INTRODUCTION On a snowy January evening, the MMG management team held a retirement party for Judith Olsen, president of Midwestern Medical Group (MMG). During the evening, Olsen reflected back on the years she had worked for the MMG with mixed feelings about her experience. During their eight-year integration journey within the Midwestern Health System (Midwestern), the MMG management team experienced many encouraging moments, achievements, and successes as well as many struggles, disappointments, and conflicts. She was scheduled to meet with the board chair the next day to talk about the major issues her successor would need to address as president of the MMG. Knowing this might be her last contribution to the MMG before she retired, Olsen wanted to provide the board chair with helpful advice to pass on to her successor. This case focuses on the historical events in the MMG’s integration journey that Olsen pondered as she thought about what to say in that meeting. BACKGROUND Midwestern Health System (Midwestern) was established in July 1994 through the merger of Health Systems Corporation and Midwest Health Plan, making it the largest healthcare organization in its region. Health Systems contributed hospitals, clinics, nursing homes, a home health agency, and other healthcare services while Midwest Health Plan contributed health insurance products and relationships with physician groups. The vision guiding Midwestern’s development was to “offer an integrated healthcare system to affordably enhance the health of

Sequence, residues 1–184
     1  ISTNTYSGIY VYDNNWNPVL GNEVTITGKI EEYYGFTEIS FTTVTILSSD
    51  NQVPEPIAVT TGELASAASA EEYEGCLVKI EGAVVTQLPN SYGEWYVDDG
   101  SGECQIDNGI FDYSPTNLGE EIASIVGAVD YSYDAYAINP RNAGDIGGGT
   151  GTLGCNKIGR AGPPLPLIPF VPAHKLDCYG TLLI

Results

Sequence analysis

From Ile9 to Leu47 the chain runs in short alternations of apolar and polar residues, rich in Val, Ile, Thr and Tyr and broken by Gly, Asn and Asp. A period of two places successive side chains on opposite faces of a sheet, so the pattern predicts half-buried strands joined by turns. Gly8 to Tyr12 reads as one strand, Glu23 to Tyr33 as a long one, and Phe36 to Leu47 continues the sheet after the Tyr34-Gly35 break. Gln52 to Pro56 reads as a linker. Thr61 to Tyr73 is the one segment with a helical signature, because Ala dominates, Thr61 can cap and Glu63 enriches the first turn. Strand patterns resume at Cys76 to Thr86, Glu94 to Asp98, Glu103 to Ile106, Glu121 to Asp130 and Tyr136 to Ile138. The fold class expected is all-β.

This case was written by Rhonda Engleman and Jisun Yu under the supervision of Professor Andrew H. Van de Ven of the Carlson School of Management at the University of Minnesota. We also appreciate the editorial assistance of Julie Trupke and useful comments of Gyewan Moon and Margaret Schomaker. We gratefully acknowledge Stuart Bunderson, Shawn Lofstrom, Russel Rogers, Frank Schultz, and Jeffery Thompson who assisted in collecting data during this eight-year longitudinal study of MMG’s integration journey. The case was prepared to promote class discussion and learning. It was not designed to illustrate either effective or ineffective management.